An osprey that became entangled in a power line Tuesday is back tending to its chicks thanks to a birdwatcher and a Red Deer County lineman.
Georgie Edgar, who lives at Glennifer Lake Resort southwest of Red Deer, has been keeping an eye on a pair of ospreys nesting with their three chicks near the Dickson Dam.
When Edgar went for a visit on Tuesday, she discovered one of the adult birds was hanging from a live power line, its talon wrapped by baler twine which had become snagged on the line.
"You could hear the zipping of the energy, and it was upsetting me," Edgar told CBC News on Thursday.
She notified the Medicine River Wildlife Centre, which contacted FortisAlberta.
Red Deer County lineman Chris Wilson got the call. He's been working for the utility company for more than a decade and says it's not the first time he's heard of an osprey running into trouble with the strong twine used for hay bales.
"That's actually unfortunately common. They love baler twine, I think it holds their nest together," he said.
When Wilson arrived on the scene, the bird was hanging upside down and at risk of being electrocuted.
He de-energized the line, climbed the pole and steeled himself for the next hazards: a pair of sharp talons and a beak.
"It ended up kind of giving me a little nip on the arm; it wasn't a big deal," said Wilson who also farms in the area.
"I think you just get used to being around critters, but I'm not going to BS you; those feet, they looked pretty dangerous."
The osprey got into a bit of a flap as Wilson approached and did not care for the attempts to wrap it in a hoodie.
"You don't want to break its wing trying to save it," Wilson said. "To get its wings up against its body was a lot harder than I imagined, it really had some strength."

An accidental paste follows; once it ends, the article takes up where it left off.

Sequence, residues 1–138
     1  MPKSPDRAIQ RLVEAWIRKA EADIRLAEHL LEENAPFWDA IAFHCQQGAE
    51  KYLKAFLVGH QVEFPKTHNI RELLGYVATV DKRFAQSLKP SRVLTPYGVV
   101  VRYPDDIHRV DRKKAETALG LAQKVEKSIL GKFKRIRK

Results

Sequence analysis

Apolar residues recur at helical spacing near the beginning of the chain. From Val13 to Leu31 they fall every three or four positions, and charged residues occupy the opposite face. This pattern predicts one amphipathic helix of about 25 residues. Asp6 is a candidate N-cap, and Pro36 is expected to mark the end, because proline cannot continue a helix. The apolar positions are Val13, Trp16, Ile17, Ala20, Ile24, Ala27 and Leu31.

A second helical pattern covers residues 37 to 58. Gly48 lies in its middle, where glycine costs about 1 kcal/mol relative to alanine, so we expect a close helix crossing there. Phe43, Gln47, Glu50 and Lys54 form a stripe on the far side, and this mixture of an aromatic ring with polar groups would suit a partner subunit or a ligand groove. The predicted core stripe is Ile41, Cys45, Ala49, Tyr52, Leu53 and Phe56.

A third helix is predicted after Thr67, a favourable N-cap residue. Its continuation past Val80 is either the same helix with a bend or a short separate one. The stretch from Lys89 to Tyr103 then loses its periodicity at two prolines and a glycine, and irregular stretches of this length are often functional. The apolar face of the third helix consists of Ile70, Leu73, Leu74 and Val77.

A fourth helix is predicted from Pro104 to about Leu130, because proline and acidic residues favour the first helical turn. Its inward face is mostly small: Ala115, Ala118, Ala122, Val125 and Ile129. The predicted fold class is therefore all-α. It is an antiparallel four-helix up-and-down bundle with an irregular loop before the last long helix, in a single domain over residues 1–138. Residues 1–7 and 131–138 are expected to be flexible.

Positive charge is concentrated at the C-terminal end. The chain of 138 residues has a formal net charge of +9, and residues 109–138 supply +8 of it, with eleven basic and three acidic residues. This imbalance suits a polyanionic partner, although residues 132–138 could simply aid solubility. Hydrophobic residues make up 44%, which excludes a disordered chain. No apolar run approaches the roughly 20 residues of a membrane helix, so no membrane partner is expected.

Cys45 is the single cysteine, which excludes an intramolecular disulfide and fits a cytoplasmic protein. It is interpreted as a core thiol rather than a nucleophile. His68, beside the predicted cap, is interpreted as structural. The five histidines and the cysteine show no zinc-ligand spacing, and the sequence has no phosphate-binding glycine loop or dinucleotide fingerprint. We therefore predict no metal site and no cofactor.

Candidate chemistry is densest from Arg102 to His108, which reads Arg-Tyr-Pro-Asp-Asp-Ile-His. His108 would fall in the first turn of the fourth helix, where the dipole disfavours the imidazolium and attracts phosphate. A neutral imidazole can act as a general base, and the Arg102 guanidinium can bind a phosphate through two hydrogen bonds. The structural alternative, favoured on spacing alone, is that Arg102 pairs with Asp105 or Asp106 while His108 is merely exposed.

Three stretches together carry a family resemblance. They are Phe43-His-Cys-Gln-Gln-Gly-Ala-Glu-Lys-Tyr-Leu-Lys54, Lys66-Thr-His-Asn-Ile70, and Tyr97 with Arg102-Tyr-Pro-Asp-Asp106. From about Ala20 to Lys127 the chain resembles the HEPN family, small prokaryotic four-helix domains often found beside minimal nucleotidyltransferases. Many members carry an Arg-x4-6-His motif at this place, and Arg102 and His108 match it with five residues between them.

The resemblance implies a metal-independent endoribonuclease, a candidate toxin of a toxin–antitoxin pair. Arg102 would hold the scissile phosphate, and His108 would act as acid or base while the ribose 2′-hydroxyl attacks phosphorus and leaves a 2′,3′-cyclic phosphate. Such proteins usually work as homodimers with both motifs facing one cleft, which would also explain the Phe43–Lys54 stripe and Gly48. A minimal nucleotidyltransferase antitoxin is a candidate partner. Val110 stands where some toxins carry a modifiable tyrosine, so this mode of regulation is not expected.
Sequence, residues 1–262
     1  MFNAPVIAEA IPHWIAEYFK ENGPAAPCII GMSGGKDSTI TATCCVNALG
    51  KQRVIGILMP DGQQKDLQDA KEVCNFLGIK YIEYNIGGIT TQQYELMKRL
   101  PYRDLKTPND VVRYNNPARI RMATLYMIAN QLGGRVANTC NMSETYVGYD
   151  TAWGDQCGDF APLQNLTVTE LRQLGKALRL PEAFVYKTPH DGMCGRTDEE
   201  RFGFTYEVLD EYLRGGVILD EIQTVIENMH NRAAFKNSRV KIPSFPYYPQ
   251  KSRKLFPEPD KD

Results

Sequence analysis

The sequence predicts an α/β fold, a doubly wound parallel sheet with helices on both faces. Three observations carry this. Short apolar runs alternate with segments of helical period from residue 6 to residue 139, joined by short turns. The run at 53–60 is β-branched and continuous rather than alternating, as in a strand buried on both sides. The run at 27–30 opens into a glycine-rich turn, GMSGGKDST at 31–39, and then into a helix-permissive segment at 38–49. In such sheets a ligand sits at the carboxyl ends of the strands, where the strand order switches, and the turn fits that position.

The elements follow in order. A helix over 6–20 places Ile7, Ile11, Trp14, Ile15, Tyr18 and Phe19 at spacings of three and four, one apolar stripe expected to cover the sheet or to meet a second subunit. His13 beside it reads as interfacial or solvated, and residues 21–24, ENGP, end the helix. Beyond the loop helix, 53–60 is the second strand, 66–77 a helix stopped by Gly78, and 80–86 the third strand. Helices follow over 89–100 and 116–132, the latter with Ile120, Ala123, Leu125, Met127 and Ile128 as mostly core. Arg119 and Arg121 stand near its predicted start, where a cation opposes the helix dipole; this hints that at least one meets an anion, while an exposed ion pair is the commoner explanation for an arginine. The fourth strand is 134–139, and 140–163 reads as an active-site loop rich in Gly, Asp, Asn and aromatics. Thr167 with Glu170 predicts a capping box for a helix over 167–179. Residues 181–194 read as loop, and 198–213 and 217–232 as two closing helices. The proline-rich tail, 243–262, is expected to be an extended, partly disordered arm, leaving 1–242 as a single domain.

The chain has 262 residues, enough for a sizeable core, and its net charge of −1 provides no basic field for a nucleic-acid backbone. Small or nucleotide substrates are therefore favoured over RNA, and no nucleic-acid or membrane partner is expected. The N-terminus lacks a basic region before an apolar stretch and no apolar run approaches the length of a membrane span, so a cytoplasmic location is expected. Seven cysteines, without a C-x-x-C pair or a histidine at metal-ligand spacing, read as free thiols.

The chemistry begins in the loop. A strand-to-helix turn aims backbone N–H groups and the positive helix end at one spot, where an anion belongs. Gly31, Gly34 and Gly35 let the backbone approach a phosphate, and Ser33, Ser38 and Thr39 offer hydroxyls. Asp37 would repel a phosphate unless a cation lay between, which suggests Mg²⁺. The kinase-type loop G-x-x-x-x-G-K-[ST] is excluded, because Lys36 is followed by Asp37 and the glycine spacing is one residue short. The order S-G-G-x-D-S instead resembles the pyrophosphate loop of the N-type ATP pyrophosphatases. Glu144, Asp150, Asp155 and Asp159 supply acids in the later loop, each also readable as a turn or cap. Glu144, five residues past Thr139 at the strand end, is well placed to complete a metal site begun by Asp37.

Fortunately Wilson was able to secure the bird and lower it down on a cable to Edgar and her friend Bing Fountain, a photographer who captured the ordeal in stunning detail.
Once Wilson and the bird were grounded, Edgar and Fountain helped him cut away the twine, spray antiseptic on a minor injury to the bird's leg before trying to set it free.
"The bird would not fly away, which was unfortunate because the babies were calling," Fountain said.
"We waited for about an hour hoping she'd fly away. By this time it's about 11 at night and Georgie called the Medicine River Wildlife Centre."
The centre's founder and executive director, Carol Kelly, believes the osprey, which turned out to be a male, was likely in shock.
"The stress was really affecting it so the decision was made by my staff member to take it in for the night," Kelly said.
A night at a fancy bird hotel seemed to do the trick.
"The next morning the release went beautifully," Kelly said. "Took off and was soaring up above the nest and back attending the nest with its mate and three chicks."
Edgar, who feared the worst when she first spotted the bird, was thrilled with the outcome and that she was able to hold the bird, although the odour left something to be desired.
"Really smelled of fish," she said.
The osprey is Alberta's only fish-eating hawk, Kelly said. "They are skilled fishermen."
Kelly said the osprey family will soon be able to head south thanks to the efforts of Edgar, Fountain and Wilson.
"They go down to South America and those chicks don't come back for two years," she said. "Then they come back to Alberta to perhaps find a mate and have young of their own."